Each semester, students read hundreds of page of textbooks, essays and other class material. Students can now breath a sigh of relief as one company has set out to make reading more of a breeze.
Spritz, a brand-new computer application that boosts reading speeds from 300 to 600 words per minute, rolled out their first release in late March.
BYU students are excited about the technology’s capability to revolutionize study habits and increase comprehension over traditional skimming methods in accessing information from textbooks.
Spritz can help students read an entire book in 90 minutes. The program rapidly flashes one word at a time on a reader’s cell phone or digital device at speeds of up to 1,000 words per minute.
Spritz increases reading comprehension by aligning each word around a consistent location known as the optimal recognition point.
“It makes communication faster and easier by removing the inefficient eye movements associated with traditional reading,” said Krystina Puleo, a spokeswoman for Spritz Inc.
The technology’s release last month generated significant attention on news outlets and in the social media world.
“Over 25,000 developers have submitted applications to access the SDK and integrate Spritz into their own technology,” Puleo said.
BYU student Josh Woods believes the technology may revolutionize how people communicate and consume information.
“I tried all the samples I could find,” Woods said. “It’s really useful to read things quickly.”
Woods, a senior majoring in chemistry and Russian, even tried using his foreign language skills on the program.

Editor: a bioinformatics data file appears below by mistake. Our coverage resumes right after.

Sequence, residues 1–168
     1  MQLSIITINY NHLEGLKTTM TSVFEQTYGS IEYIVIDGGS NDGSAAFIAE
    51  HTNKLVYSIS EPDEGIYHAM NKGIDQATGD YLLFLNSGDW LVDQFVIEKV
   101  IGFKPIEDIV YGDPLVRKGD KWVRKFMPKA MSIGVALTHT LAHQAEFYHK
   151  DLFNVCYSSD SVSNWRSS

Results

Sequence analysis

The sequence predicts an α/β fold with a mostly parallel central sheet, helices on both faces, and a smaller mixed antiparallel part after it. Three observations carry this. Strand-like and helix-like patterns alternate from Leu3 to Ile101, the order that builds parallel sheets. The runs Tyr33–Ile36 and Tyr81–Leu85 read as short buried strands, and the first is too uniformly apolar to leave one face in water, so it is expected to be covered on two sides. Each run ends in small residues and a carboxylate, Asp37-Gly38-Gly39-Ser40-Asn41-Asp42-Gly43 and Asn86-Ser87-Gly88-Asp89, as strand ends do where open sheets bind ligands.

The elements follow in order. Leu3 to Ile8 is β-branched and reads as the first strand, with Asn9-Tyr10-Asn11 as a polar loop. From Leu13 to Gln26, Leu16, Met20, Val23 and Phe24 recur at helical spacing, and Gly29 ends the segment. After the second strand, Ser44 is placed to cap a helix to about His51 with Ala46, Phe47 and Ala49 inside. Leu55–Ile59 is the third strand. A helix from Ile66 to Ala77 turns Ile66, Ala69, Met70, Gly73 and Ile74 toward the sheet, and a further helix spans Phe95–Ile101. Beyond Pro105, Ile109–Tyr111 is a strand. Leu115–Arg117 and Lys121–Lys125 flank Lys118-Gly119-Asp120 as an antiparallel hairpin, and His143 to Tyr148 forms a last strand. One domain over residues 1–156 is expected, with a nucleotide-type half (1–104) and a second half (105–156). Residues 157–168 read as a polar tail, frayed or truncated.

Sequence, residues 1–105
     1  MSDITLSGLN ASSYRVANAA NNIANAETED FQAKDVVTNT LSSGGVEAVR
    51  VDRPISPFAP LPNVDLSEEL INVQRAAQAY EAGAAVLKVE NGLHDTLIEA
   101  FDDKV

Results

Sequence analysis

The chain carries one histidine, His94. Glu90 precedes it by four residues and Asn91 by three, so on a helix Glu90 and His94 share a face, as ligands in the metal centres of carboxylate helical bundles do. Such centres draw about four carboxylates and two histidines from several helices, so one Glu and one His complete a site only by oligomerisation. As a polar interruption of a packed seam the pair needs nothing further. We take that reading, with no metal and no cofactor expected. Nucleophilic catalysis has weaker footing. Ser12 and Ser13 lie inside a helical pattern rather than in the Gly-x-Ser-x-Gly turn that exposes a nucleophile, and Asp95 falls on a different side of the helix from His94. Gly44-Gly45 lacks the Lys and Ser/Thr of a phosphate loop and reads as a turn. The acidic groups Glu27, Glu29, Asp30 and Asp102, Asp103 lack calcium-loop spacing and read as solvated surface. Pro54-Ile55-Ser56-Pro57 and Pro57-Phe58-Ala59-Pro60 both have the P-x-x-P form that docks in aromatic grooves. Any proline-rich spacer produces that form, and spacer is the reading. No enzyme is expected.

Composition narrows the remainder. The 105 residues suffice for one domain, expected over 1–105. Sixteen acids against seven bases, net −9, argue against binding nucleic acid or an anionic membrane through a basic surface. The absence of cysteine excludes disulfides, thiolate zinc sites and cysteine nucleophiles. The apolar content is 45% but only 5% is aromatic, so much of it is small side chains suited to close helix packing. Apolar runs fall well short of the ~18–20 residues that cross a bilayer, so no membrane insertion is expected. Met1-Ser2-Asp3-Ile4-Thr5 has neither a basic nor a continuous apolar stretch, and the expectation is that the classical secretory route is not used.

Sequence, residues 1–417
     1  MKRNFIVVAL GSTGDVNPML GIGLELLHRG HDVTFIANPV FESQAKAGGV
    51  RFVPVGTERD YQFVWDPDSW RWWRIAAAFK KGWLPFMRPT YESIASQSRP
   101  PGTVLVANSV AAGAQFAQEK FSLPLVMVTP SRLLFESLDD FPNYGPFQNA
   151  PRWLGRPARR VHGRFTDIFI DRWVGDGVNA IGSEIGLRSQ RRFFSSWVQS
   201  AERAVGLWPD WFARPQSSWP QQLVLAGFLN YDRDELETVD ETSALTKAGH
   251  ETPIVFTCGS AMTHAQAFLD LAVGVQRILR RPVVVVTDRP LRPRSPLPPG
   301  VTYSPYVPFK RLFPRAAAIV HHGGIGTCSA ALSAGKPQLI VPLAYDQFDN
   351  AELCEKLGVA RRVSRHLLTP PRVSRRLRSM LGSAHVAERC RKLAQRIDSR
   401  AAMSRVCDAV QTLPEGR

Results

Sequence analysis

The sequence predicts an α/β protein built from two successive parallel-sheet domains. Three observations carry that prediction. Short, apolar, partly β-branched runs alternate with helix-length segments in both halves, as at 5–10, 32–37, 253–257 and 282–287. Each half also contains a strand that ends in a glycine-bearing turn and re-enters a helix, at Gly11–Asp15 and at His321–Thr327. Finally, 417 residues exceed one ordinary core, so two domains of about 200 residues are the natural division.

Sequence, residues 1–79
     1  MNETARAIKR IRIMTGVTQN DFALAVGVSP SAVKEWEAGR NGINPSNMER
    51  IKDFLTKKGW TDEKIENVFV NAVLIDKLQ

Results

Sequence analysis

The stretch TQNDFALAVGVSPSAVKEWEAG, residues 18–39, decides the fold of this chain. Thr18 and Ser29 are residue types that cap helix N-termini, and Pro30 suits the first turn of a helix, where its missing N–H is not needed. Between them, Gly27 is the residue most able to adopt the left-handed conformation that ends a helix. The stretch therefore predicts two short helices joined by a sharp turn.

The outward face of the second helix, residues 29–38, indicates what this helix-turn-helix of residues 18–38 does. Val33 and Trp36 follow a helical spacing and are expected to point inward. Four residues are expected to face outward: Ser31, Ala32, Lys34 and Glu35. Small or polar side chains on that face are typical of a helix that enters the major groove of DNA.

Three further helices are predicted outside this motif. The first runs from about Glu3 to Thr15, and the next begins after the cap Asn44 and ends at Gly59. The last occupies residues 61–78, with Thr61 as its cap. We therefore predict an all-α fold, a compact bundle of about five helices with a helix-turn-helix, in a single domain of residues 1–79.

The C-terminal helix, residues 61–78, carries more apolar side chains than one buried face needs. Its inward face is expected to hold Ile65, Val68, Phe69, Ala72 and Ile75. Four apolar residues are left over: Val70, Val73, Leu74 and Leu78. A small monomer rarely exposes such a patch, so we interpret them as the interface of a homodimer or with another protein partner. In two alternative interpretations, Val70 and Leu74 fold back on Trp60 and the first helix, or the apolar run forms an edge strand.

“I tried a Russian and also a German sample,” Woods said. “I had to slow down my comprehension speed to 300 words per minute.”
The program compacts large amounts of information to the small smart phone screens and cellular phones used today.
“As smart devices continue to change shape and become increasingly smaller, Spritz enables users to read comfortably and conveniently,” said company CEO Frank Waldman in a press release.
That convenience in reading is exactly what students are looking for.
Austin Ballard, an English major and tutor at the BYU Writing Center, estimates he reads only a fraction of what is assigned in class.
“I don’t read everything because I have so much to do,” Ballard said.
But Ballard believes the technology could help improve his study habits.
“If I could whip through 10 pages in 10 minutes, I’d be more likely to make the effort to read,” he said.
Ballard said the the technology could be helpful for students working to crank out a last-minute research paper or assignment.
“If Spritz helps with comprehension, it could help with the proof-reading process,” he said.
Other students are more skeptical.
“I feel like I’m a pretty fast reader already,” said Brad Horman, 23, of Salt Lake City.
A junior majoring in actuary science, Horman estimates that he spends roughly an hour a day reading homework assignments.
“It’s less a matter of time and more of making it a priority,” he said.
The company, originally based in Boston, has offices in in Utah and Munich, Germany. They are currently hiring developers and computer programers to help roll out Spritz applications from their office in Salt Lake City.
The company’s official launch in March and the wave of positive publicity it generated may have a dramatic impact on the digital reading market.
The Spritz release has made a big splash in corporations, media outlets and blogs around the world. Perhaps it’s ready to slip into BYU’s study habits as well.
The new technology, which promises to revolutionize how quickly readers can plough through material, can be at accessed at www.spritzinc.com.